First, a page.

Start with White Christmas, mix in a mid-'60s Judy Garland television Christmas special, add a dash of Silkwood, and you have The Paisley Sisters' Christmas Special! It’s 1964, and America’s Songbirds, The Paisley Sisters, are airing a brand-new color-television holiday extravaganza with hopes of landing themselves back in the Top 40. The result is a hilarious send-up of early television holiday specials full of backstage drama, questionable corporate sponsors, secret telephone calls, assumed identities, and general mayhem. This hip alternative to standard holiday fare has been charming sold-out crowds across the USA and Canada, and your theater can be next! Appeared in the 2006 New York Musical Theatre Festival.
New York, Christmas 1964.
The Paisley Sisters (Connie, Bonnie, and Lonnie) are backstage at New York’s NBN studios. They’ve just gotten the half-hour call for the broadcast of their first live television special – in color! Sister Ronnie, the fourth member of their quartet, is curiously absent, having been committed to a psychiatric ward after a sudden onset of wild personality changes. Ronnie’s daughter, 16-year-old Abigail, has been drafted to step in for her mother, but Abigail is nowhere to be found. With minutes to go before “places,” Abigail breezes in, fresh from a shopping spree at Gimbel’s. No time to lose – stockings are straightened, wigs adjusted, and lipstick reapplied. The Paisley Sisters open the broadcast with (“Crazy for Christmas”). Connie announces that at the end of the show, there will be a special gift giveaway, courtesy of sponsor Plasticon: “Modern Products, and So Much More!” Polly Plasticon, the company mascot, will be set free to fly through the audience, and “the lucky person whose shoulder she lands on will win 10,000 dollars’ worth of Plasticon Products!” (“We’re the Paisleys”), their signature number, introduces each of the sisters in turn. Bonnie then does a commercial spot for Slenderella, a size-reducing garment that works “by actually reshaping and redistributing your internal organs.”
The sisters gather around the old Christmas photo album and reminisce about past holidays spent with celebrity friends. Abigail steals focus, which leads to some tight exchanges with Lonnie. Connie declares that it’s time for a song (“How Could it Be Christmas”). Lonnie and Bonnie do a commercial spot for Citronella Chewing Gum, a tasty chew that also keeps pesky mosquitos away. Bonnie flubs one of her lines. Back in the dressing room, the voice of Bernard Fortrell, the show’s announcer, is heard over the intercom, complaining about Bonnie’s on camera behavior. The TV special resumes as the sisters sing about their favorite candy treats (“Sweet on You”). Connie, who is married to comedian Sol Scheckman, explains that at their home they celebrate Christmas and a holiday called Hanukkah, “The Jewish Christmas.” She dedicates (“Two Holidays”) to her son Joey, who is watching from home. In a commercial spot, Lonnie models a dress made of Asbseticon, a man-made fabric woven from asbestos.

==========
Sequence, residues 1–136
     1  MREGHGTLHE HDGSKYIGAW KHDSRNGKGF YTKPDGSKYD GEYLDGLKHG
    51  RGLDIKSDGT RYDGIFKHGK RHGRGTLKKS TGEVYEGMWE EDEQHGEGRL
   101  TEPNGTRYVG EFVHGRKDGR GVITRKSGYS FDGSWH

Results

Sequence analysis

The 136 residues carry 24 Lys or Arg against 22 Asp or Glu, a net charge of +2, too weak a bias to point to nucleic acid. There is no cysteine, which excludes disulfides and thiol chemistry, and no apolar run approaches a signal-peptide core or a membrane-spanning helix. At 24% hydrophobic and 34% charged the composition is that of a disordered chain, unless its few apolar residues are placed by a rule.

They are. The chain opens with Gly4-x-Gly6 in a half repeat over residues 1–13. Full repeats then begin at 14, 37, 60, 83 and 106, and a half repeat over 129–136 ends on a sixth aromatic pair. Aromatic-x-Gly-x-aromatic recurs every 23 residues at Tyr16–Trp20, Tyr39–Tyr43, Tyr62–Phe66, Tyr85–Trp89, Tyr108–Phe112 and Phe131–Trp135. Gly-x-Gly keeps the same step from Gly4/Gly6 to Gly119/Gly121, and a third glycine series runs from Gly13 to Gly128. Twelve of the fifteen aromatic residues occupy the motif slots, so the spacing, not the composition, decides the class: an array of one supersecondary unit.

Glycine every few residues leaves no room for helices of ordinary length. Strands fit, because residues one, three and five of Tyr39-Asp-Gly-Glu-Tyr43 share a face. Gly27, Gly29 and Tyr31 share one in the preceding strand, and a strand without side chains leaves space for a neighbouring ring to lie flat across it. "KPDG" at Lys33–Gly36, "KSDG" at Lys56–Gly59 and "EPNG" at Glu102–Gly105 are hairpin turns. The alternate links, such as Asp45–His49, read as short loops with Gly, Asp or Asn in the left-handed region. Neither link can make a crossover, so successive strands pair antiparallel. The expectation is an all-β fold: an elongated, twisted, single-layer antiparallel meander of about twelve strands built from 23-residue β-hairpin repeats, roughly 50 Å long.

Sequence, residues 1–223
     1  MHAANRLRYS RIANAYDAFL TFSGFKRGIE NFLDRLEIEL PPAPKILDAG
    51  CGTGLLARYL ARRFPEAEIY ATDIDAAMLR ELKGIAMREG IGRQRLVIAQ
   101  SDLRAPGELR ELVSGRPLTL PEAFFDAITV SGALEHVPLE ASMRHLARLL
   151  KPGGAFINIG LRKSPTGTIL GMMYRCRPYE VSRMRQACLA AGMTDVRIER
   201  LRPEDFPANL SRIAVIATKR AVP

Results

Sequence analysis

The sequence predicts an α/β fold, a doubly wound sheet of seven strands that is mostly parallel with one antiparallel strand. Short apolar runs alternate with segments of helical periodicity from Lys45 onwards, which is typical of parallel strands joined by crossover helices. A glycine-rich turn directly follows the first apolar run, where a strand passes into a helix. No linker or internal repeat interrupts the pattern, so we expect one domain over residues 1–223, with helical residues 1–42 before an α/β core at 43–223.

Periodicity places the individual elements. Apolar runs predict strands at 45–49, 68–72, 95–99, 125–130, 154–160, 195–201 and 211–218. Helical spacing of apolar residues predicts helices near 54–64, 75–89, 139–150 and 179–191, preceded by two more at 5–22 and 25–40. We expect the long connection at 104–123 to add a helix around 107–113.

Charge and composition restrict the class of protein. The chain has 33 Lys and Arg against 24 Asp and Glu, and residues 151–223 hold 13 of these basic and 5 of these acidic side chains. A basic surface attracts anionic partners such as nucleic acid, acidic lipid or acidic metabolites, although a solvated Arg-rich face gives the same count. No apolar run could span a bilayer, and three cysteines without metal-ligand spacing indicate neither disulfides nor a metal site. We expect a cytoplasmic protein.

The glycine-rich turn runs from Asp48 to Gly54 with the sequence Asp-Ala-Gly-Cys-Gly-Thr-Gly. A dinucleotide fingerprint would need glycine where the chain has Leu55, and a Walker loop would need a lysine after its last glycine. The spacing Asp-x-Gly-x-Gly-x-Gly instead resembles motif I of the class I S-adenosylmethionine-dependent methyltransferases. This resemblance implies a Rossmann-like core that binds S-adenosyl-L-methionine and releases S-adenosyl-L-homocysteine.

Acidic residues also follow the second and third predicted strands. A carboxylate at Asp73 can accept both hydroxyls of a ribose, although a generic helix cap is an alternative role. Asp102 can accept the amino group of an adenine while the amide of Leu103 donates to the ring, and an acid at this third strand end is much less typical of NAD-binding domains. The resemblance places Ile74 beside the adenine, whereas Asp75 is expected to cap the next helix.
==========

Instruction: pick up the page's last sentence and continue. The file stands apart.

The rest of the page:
Backstage, Bonnie seems more and more disoriented, and worries that she is succumbing to the same illness that befell her hospitalized sister. She rushes out to search for a telephone to call Ronnie, leaving Lonnie the privacy to arrange (via intercom) a romantic rendezvous with Bernard. Abigail, who is eavesdropping on the lovebirds, confronts Lonnie and the sparks fly! Meanwhile, Bonnie has found a telephone–onstage–and is in a deep medical conversation in full view of the TV audience. Connie wrestles the phone away from Bonnie as Lonnie and Abigail, still bruised from their fight, join them to segue into a tense and wacky around-the world Christmas medley (“Christmas Rancheros”, “Calypso Christmas”, “Christmas in Taiwan”, “Bikini Christmas”), which is cut short when Bonnie goes into a wild spin and collapses center stage.
Back in the dressing room the sisters revive Bonnie, who remembers nothing of her recent incident. After being admonished by Bernard, “We’re sponsoring a Christmas Special–not a freak show”, they open the second half of the Christmas special with (“Beauty Day”), a paean to the Plasticon line of wigs. Abigail shows her astronomical aspirations with a holiday space travel song (“Christmas on the Moon”). Just as Lonnie is preparing for her solo ballad, Bernard dumps her for the evening, leaving her emotionally raw for the tearful (“Just for Christmas”, “Let’s Pretend”). Connie picks things up with a commercial spot for Snapshot, “the clear adhesive that literally bonds makeup to your skin.”